Benjamin Kummer, MD, talks about telestroke and the future of teleneurology at a virtual session hosted by the American Medical Association (AMA) in collaboration with the American Academy of Neurology (AAN).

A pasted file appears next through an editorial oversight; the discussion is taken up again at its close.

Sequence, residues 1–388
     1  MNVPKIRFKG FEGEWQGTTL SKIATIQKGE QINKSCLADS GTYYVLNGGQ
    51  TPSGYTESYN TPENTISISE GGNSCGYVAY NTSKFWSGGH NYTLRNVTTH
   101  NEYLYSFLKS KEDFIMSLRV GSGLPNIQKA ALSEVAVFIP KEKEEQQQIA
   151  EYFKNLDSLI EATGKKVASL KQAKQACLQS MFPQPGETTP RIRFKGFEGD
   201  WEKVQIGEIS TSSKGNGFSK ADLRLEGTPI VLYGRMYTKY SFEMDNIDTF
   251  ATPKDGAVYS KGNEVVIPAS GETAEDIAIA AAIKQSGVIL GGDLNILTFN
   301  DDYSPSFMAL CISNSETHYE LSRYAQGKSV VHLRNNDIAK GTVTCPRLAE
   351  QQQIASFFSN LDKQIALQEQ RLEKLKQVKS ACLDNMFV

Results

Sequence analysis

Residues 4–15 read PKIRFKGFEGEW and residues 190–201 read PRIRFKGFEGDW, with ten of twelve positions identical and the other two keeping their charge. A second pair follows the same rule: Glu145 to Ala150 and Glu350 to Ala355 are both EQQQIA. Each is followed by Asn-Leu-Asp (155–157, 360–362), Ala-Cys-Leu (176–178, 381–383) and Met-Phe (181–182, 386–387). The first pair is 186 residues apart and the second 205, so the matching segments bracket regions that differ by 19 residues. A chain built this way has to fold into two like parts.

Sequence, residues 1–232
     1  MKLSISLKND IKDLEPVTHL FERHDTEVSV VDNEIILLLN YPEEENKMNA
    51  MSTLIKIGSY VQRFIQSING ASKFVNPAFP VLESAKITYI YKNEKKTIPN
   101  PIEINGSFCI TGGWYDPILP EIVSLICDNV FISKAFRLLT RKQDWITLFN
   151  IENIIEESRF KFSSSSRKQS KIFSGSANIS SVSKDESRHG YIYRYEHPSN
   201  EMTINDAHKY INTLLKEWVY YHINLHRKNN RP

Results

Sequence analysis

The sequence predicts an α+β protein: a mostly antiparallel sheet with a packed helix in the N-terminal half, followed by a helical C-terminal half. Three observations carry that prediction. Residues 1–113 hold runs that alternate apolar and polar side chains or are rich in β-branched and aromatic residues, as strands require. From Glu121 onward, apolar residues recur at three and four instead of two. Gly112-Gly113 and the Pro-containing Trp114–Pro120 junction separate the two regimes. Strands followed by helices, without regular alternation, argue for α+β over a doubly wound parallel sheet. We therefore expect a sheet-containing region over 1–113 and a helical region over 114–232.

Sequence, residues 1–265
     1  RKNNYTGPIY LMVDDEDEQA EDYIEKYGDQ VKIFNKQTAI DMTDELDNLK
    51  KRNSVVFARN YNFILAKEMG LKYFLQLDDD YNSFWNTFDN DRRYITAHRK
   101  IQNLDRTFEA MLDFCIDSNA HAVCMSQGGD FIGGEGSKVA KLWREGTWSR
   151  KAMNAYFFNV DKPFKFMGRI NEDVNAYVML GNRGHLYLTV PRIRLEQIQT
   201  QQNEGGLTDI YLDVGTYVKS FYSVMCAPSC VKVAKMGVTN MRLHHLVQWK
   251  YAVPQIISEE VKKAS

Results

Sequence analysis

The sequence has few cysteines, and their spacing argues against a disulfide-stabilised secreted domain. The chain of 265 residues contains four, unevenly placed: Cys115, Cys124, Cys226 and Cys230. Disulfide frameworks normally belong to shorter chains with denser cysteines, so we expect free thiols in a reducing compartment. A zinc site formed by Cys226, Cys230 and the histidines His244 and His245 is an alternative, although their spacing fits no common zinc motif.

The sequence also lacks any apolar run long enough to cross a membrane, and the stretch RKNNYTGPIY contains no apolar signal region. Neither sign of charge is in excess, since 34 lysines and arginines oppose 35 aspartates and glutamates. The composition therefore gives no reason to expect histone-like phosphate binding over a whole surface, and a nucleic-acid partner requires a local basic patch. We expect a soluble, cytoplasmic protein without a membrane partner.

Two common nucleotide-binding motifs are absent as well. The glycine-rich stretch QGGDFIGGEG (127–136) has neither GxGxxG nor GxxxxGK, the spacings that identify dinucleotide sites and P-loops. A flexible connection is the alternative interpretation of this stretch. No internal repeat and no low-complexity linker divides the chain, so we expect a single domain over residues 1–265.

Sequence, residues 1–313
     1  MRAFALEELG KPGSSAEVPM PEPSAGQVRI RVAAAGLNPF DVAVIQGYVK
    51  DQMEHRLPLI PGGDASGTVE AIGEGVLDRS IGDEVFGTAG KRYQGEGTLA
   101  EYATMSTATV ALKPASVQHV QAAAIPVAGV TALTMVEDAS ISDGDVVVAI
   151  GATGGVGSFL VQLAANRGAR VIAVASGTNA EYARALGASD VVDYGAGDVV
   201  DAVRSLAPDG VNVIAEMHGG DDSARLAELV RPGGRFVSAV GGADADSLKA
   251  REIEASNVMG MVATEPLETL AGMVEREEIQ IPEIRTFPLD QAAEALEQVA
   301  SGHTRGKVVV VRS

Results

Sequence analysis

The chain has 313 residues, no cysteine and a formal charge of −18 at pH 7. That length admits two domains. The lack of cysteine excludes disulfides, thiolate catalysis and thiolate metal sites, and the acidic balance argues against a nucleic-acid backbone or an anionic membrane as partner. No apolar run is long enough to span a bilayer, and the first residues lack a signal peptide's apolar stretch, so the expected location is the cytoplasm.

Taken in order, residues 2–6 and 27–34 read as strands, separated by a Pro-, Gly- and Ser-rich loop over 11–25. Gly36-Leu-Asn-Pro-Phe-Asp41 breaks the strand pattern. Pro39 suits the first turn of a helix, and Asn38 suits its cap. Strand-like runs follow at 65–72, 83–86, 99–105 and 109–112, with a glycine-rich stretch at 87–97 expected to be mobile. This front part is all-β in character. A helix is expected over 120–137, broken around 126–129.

Chapters (Click to go to chapter start) Telestroke — definitions, history, and trends: The Basics components of a telestroke system: Why is telestroke such a good use case?: Telestroke care model: Telestroke evidence: Examples of asynchronous teleneurology and the future of teleneurology: Remove data sharing and patient monitoring: The Future: New Types of Data: Now: Interprofessional Consultations: The future new modes of communication/interactions: Now principal care management: The future: care coordination to support value-based care: The future: new ways of measuring quality and effectiveness: The future: emphasis on "techquity": The Future: artificial intelligence: thanks to the AMY and the A. N. For putting this terrific program together. I'm really honored to be here. Speaking alongside my distinguished colleagues, it's really very large shoes to fill to follow all that excellent material. Um Today I'll be talking mainly about tele stroke and the global 30,000 or maybe 10,000 ft view of the future of tele neurology. Um and I want to leave some time for questions so let's jump right into it. Next slide please. These are my disclosures. So talking about tele stroke 1st um next slide please. We're going to go over some brief definitions first. Um telescope is really the application of synchronous audio, video, telemedicine, two stroke neurology. Um And it's almost this sort of classic architectural tele neurology use case. Um It was first described in a Very very influential paper in stroke in 1999, Steve Levine and Marc Corman sort of wrote an opinion piece around it and shortly thereafter in the same year, also in stroke, a paper was published that compared NIH stroke scale assessments which is the physical exam assessment in stroke to video and a stroke scale assessments and basically found that both of those were essentially accurate and related if you will. So um since then we've we've seen a steady increase in tele stroke programs worldwide and in the United States given that physical examination over video and in person were essentially the same and as of 2019 at least a quarter of U. S. Hospitals have access to Tell a stroke programs and this comes from a recent paper from 2020 and that's probably an understatement given the fact that a lot of that was survey data from tele neurology company networks and Tell neurology and academic centers. Next slide please. So the basic components of the tele stroke system are very similar to the components of other systems. But as dr abuses mentioned, the setting in which stroke care typically occurs is not it's not typically at home. So there's always going to be a remote physician who's initiating the call for tele stroke too. Um Sorry the remote physician is going to be handling the call for for tele stroke from an on site physician or other provider who is typically located in an E. D. Or a mobile stroke unit and more rarely on the hospital floor. There also needs to be some kind of synchronous communication technology and infrastructure and system too. Work that technology. And finally a staffing model needs to be present as well. Next slide please. I want to just spend a little bit of time talking about why Tell a stroke is sort of a classic excellent use case in neurology and it really comes down to access to specialized stroke care which is a huge problem in our country and worldwide really. First acute ischemic stroke which is the most common cause of stroke arguably In this country affects about 700,000 patients every year. And as we all know strokes can be completely devastating and this disease imposes a huge social cost and burden to the public health system. Um The standard treatment for acute ischemic stroke which is known colloquially as T. P. A. It's generic name is altered place which is an I. V. Medication given as Ebola and then a drip over a specific period of time is really under utilized in the community either because of misconceptions around the evidence supporting T. P. A. Use. Um But also because there's a very very big shortage of stroke neurologists and stroke capable centers especially in rural areas of the United States. And you add to that the fact that T. P. A. Has a very very narrow therapeutic window you really have. You really should be giving T. P. A. If you're practicing by the guidelines at least between zero and 4.5 hours from stroke onset or last known well and the benefit of T. P. A. Tends to go down the further you get from the onset of the stroke and the greater the risk of hemorrhagic complications. And finally one of the reasons that makes it such a good use cases that you can really make the decision as to whether you want to give a patient T. P. A. And whether they're eligible or not really easily over audio video telehealth next slide please. So um tele stroke care models are basically divided into two general buckets. Um the hub and spoke model and the so called humblest model. Um the hub and spoke model refers to the analogy of a wheel if you will, where there's a center central hospital at the hub of the wheel that then is connected via telehealth relationships or audio connections to spoke hospitals that are on the periphery. You can see that in panel a right there on the top left, um and within the hub and spoke model there are really two different paradigms of treatment. One is called drip and ship and the other one is called drip and keep. I did not make these um descriptions up. These are actually legitimate descriptions in published literature as you can see in the upper right hand side there drip and ship just refers to treatment of patient with T. P. A. At a spoke hospital and then transfer to a hub hospital as you can see in panel A and dripping keep is just the patient gets TP at the spoke hospital and is kept at the spoke hospital for further evaluation work of placements whereas in drip and ship that occurs at the hub hospital. The contrast that you have the humblest model which is, it can sort of take two forms. One is either around a private practice group um and another is around a telemedicine company which is kind of functionally the same as a private practice organization. But if you think about it at a higher level, basically a humblest system is where the decision making is central but the transfers of patients is distributed process. So you can sort of see that in panel D to the right where there's a private practice group that is covering a bunch of spoke hospitals for decision making as to whether patients get treatment or whether they need to be transferred and then those transfers occur to other hub hospitals that are not necessarily related to the central private practice or in panel C the central telemedicine company. Next slide please. So dr busses did mention some of the evidence briefly in his presentation but there's a lot of very good quality data supporting the use of tele stroke and throughout The last two decades since its appearance and its publication and stroke in 1999. Um So as I mentioned before, neurological exams done over tele stroke are really accurate and basically the same in terms of their accuracy compared to in person examinations. Um And Telstra in a nutshell increases access to specialist stroke care and that includes treatment work up stroke units etcetera. So unsurprisingly in the literature telescope has been found to be associated with increases in thrum politic rates in the spoke hospitals or other types of arrangements. Um And because T. P. A. Improves mortality in patients with acute ischemic stroke and also results in improved functional outcomes at 90 days and further out uh in patients with ischemic stroke it's because your access is increased through tele stroke. It's unsurprising that telescope is really associated with improved mortality profiles and better and better effectiveness compared to in person care um in hospitals that do not have in person stroke coverage. So, you know, it's really essentially echoing what dr busses had mentioned. Tele stroke is the practice of stroke. So really increasing access and so the literature really reflects that. I think it's important to mention that most research on tele stroke does come from single center academic institutions, many of which are at the center of the hub and spoke model. So while those things are, there's very robust evidence and I didn't list all of it in the slide because it would probably be a whole topic of an hour long talk. If I did, all this information should be taken with a tiny little bit of a grain of salt. Huh, Next slide please. So I'm going to shift gears here and talk about asynchronous tele neurology in the future, where we're going with tele neurology. What I'm going to do in the next few minutes is I'm going to sort of talk about what's happening now in asynchronous tele neurology and various asynchronous services and try to come up with a prediction in the following slide around what I think is going to be happening in terms of general themes. Next slide please. So I think we're all witnessing a global shift of the health care system to going from synchronous care delivery systems to asynchronous care delivery systems. And we're seeing a shift that has been seen in banking and retail already. And health care is just a little bit behind that. And we're also seeing a convergence of telehealth and tele health systems onto mobile device platforms. Um essentially as you can see in this graph here we're moving from a conventional sort of centralized synchronous hospital based sort of live one on one. Um And audio visual interaction to a system that's more distributed, more convenient less centralized in a synchronous that doesn't involve live interactions one on one in that in the weather it sort of has been previously. This graph is actually from an excellent review of tele neurology from about five years ago in nature. Reviews neurology by Ray Dorsey. I highly recommended if anybody's interested in reviewing sort of thought pieces on tele neurology is really excellent. This graph actually chronicles the R. C. T. S. That have been done in telehealth according to the setting in which they have been conducted and in orange below you can see the year of the first RCT inception where they actually started and you can see just chronologically there's a shift from hospitals to clinics to home to the mobile phone. And it's very similar to what we've seen in finance or in retail where you have something happening, a transaction happening at the teller or at a store. Then you know moving to an A. T. M. Or a mall then web based transactions and finally converging onto smartphone transactions. So healthcare is really kind of going in the same direction where we're not going to be dealing with physicians as much face to face in a synchronous fashion. Next slide please. So as dr Morris mentioned, there's a lot of activity around remote patient monitoring and collection of data by sensors and photographs and other types of devices and wearables and sending those data streams to responsible providers that then make decisions or assessments on that data. Um and I think it's important to mention that a lot of those systems are not well integrated into the HRS. Um and that's something that's definitely a gap that needs to be further explored. And I'm contrasting remote data sharing and patient monitoring here in the sense that patient monitoring really there's an expectation a frequent data monitoring and decision making that may be more relevant in the blood pressure management program where there's much more fluctuation um and remote data sharing where the data is being transmitted but there's no expectation that the data is being monitored in real time or quasi real time. And so sort of to address this gap of integration. We've actually piloted something at Sinai where we are using the apple health kit and google fit architecture and I'll talk about that in a second to collect. Step counts in patients with multiple sclerosis and step counts have been shown in the literature to be associated with disability and multiple sclerosis. Um And the beauty of the system is that it actually um leverages the patient's own device uh and essentially connects epic through a flow sheet and my chart too. A patient's individual device and to their their their apple health google fit app which then can connect to other wearables um that you may have or that already exists in the sensors of the phone itself. So it starts with the physician order that gets sent to my chart. The patient then sinks their device to my chart. And then once that happens there's passive data flowing into the HR. So we're getting for about 20 patients over the last year. We're collecting daily step counts in M. S. Patients that they don't even think about. It just uses the standard step counts that they already have and patients and patients get that information reviewed by the M. S. Physician at the time of their visit. So it's not real time monitoring but it's more remote data sharing. Next slide please. This is just our cumulative enrollments. Um so we're up to 20 patients at this point since April of 2021. Next slide please. I think towards the future we're gonna be talking about and seeing many new types of data being integrated and incorporated into our decision making into our armamentarium of patient assessments and I think one of the main categories that we're going to be seeing this in is an imaging. I think we're going to be seeing a lot more transmission and analysis of video data namely of physical examination and neurology um and other phenomenology such as paroxysmal events like Estonia or seizures. Um We're also going to be seeing a sort of higher level integration of complex time locked physiologic data, streams of wearables. Right now there's a lot of integration or just single streams of data from single wearable single sensors. But I think we're going to be seeing a lot of computational lee complex integration of all of those different wearable signals to phenotype, different motor disorders for example or standardized assessments and disease and that's actually that's already starting to happen in Parkinson disease. We're also going to be seeing the digitization of social social network activity, sociability and displacement and and what somebody's digital life space actually is and what it means for their condition. This can be particularly relevant for patients that have cognitive disorders or visual spatial disorders. And we're going to be seeing a lot of integration of more treatment data namely around symptom diaries, responses to various therapies and adverse events. Next slide please there was some mention in a number of my esteemed colleagues presentations on inter professional consultations which are a form of asynchronous tele neurology And we've actually launched any concert program in neurology in October of 2019 which is all epic integrated. Um Similar to the ask a doc program at Geisinger um where the epic order basically is initiated by the requesting physician that contains a clinical question that's pictured in the lower left hand corner here. Um It has a lot of clinical history, very very detailed clinical history for a variety of different symptoms. This once the order is signed routes to an in basket pool which is pictured right here on the lower The lower right hand side. Um that's staffed by five different neurologists for each of the day of the week. Um and the consultant will then feel the question complete any consult note and epic and then drop a bill. The exact code is 99451 For inter professional consultation and the note will actually route back to the individual requester. We've been pretty successful in this program. We've done about 430 consultations since we started. Most of these referrals and consults really come from Medicaid internal medicine clinics in the Sinai system. Next slide please. This is actually graph I wanted to show so out of all of the inter professional consultations that we've done in neurology. Um The majority have actually resulted in an electronic recommendation and the majority of those electronic recommendations basically avoided a referral for an in person visit in our neurology clinics which are chronically overbooked and the wait times for which are extremely long. So I think this is a big win in the sense that we're reducing improving access to neurological services without worsening the patient experience if you will and a number of other important outcomes. Next slide please. I think we're going to be seeing many different modes of interacting between patients and providers and communicating between both parties as we move towards the future. I think the technology of chatbots is going to become much more sophisticated than what it is now, namely because the artificial intelligence algorithms and natural language processing algorithms that are developing and will be developed are going to be much more sophisticated in handling and parsing text and illness scripts and triaging such that patients will really have 24 7 availability, two asynchronous care if they have a question about their medication or they have a symptom that they don't really know what to do with. And I think there's also going to be the leverage of sort of more accessible traditional technologies like text and smS to do digital outreach and surveillance and vulnerable populations that may be on the other side of the digital divide, which I'll speak about in a few slides, um sort of in parallel. I think digital patient journeys are starting already starting to be developed and will continue to become much more important around symptoms. I think patients are going to stop going through their physician networks to kind of get referrals and I think they're going to start with technology to find a referral and intelligent way and to be connected to resources. So a few examples of that are apps that are so called digital front doors. Um Health systems are going to be developing their own apps which are basically health system, all things health system on an application on your mobile phone. And patients will start to search for their symptoms in these apps and then be connected to resources providers, different tools to manage the disease as opposed to going through the traditional channels. Again, this is entirely asynchronous, It does not have to take place during an audio visual or face to face encounter with the physician. So again, just kind of going back to that slide with the Ray Dorsey figure, we're really going towards a more sort of distributed model um and we're also going to be seeing similarly in the private sector doctor on demand services for specific disease verticals like Rohan Hims, roman hymns have established themselves really in the male urology and sort of pattern baldness vertical but there very shortly going to be branching out into additional verticals um so that patients can be connected to providers immediately based on symptoms and requests. Next slide, please, I want to briefly talk about PCM since a number of my colleagues mentioned this um just to reiterate PCM is a service that essentially leverages the entire health team which can comprise providers a P. P. S. P. T. S. S. LPS to what have you um for the care, coordination and management of one chronic condition for at least three months per team. And this is a time based service. So you have to accrue a certain number of minutes every Months before you can before you can build a service. But um we've actually built a PCM module and epic and are piloting this at Sinai with a number of different neurological conditions and we've received an $80,000 office of well being resilience grant to build this module. And this is from scratch because epic does not actually have anything like this out of the box. This allows the assignment of care plans and goals. Care targets, task tracking. Um It's very complex, very cool and very proud of it personally. Um And on the right hand side here you can see the enrollment form because as dr and dr abuses mentioned consent and sort of patient involvement in decision making is key in in rolling a patient the program. And then in the bottom you see a smart form where you can track your time for the services that you may render. Um So we've launched this in A. L. S. Q. Four of last year and we just started doing this in M. S. Um and if you can just scroll through the next animation there's a approval um graph here where you can see we're up to about 23 patients in A. L. S. Um and six patients, 16 members that have been trained. So let's go to the next slide please. And shifting towards the future to echo something that doctors everybody said. Principal care management obviously requires care planning, that's part and parcel of the PCM service. There's goal setting around those and embedded in those care plans. But I think an important thing to mention is that PCM doesn't really specify how the provider of the care team interacts with the patient. It can be a synchronous, can be synchronous, it can be on the phone, it can be a digitally mm service. It can be a variety of different things. Um and that includes data review of a synchronous wearable information like we're doing in step counts mm. S. Um That may not be billable by the the traditional sort of by the book cPT coding guidelines for remote patient monitoring because it's not enough d a approved device and so on. You can actually count those services towards PCM time spent and towards PCM building. So I think to echo doctors at this point, what we're gonna be seeing in the future is that PCM and these care coordination services are really going to be blazing a path towards value based care and value based payment models which have been talked about for a very long time and really the minority of a lot of services um in the United States but will probably become more and more important as we go forward. Next slide please. We're also going to be seeing a lot more high quality evidence on the value proposition in tele neurology in the covid pandemic context and sort of after the covid pandemic or in the covid pandemic that we're obviously moving through. Um And we'll also be seeing a lot of a lot more alignment of professional societies like the A. N. With the evaluation of tele neurological care and care quality um with formal quality frameworks like that developed by the N. QF. As well as the framework that you all have developed at the A. M. A. Um and an increasing shift towards digital patient reported outcome measures to measure effectiveness of tele neurological care. Next slide please. I think I would be remiss if I didn't mention the buzzword that is tech witty tele neurology I think is also going to increasingly attempt to address the digital divide and the issues of equity, diversity and inclusion that we experienced during the massive shift to digital medicine and digital neurology by that extension during the covid pandemic um I don't think this is something that health systems and practitioners can really ignore anymore. This is a very, very hot topic right now and I think what we're gonna be seeing in tele neurology specifically is efforts towards increasing accessibility to very well established technologies like texting for vulnerable populations as well as decreasing barriers to newer technologies that may require greater digital literacy or greater access to broadband or other technologies such as video synchronous video platforms and other wearable devices. Next slide please. And finally I want to sort of close with the future um state of tele neurology with respect to artificial intelligence which is going to be increasingly present in our world not just in neurology but really everywhere in medicine I want to break down different uh Conceptual Categories of Artificial Intelligence. There are three of them namely assistive ai analytics ai and autonomous Ai assisted Ai is really stuff that you've probably seen in your practice or even in your in your daily routines. It's really the pattern recognition and automation of simple processes. One really really good example of that which is still kind of in its experimental phase is detection of seizures automatically from an E. G. Waveform. It's not making decisions, it's not acting independently as a human being but it's recognizing a pattern and maybe it alerts you of it. For example analytic ai is a little bit more complex in the sense that it sort of enhances or adds to human decisions. A good example of that could be a chat bot that detects an illness script of a headache. Um a specific type of headache and suggests multiple choice of diagnosis or hones in on the diagnosis of migraine or trigeminal neuralgia and then notifies the physician and suggest something but does not make the decision that this is trigeminal neuralgia and have to start carBAMazepine for example. And then finally the sort of more aspirational further off and almost slightly scary. Ai to be perfectly honest is the autonomous AI which is designed to act independently of humans and really make decisions on its own. I think a good example of this which we're going to be tending towards in the future is a smart home or smart exam room that has multiple cameras, voice recognition technology that sort of leverages the same technology that we use for amazon um and and Alexa and Siri um in motion sensors. I think that's going to be increasingly prevalent in cognitive disorders, movement disorders. For example a smart home could identify that the patient's fallen and automatically activate the M. S. Automatically make some referrals automatically notify the care team and sort of act independently to a certain extent. So that's still a ways off. But it's something that's coming on the horizon and we're going to have to talk about it to increasing degrees next slide please. I think it's very important to mention that Ai in the future. I don't visualize this and this may be a topic for debate but my opinion is that AI is not going to replace providers. I think it's really gonna enable providers to practice at the top of their license. It's going to be able to automate a lot of the wrote sort of less complicated stuff that physicians have to do day to day and really allow them to focus on the real nuances of their specialties or taking care of their patients clinically. Um I think it's patients will still need human touch that's inevitable. And so in that sense Ai is not here to replace providers. I think it's really here as a support of technology and I think we're going to be seeing an increasing amount of consideration being devoted to equity and ethics in Ai model design. I know that there's a at Sinai for example, there is a committee on artificial intelligence, Equity that was recently formed to regulate the way that we put together our models and integrate them into the health system to make sure that this is equitable for everyone. I will say though that as we move towards more asynchronous distributed services with increasing amounts of touch points between in person visits. Um And I do I would argue that the frequency of in person interactions may decrease because touchpoints outside of these synchronous visits will increase. But again, I do want to make the point that patients will still need that human touch and they still will Ai will not be replacing providers in my opinion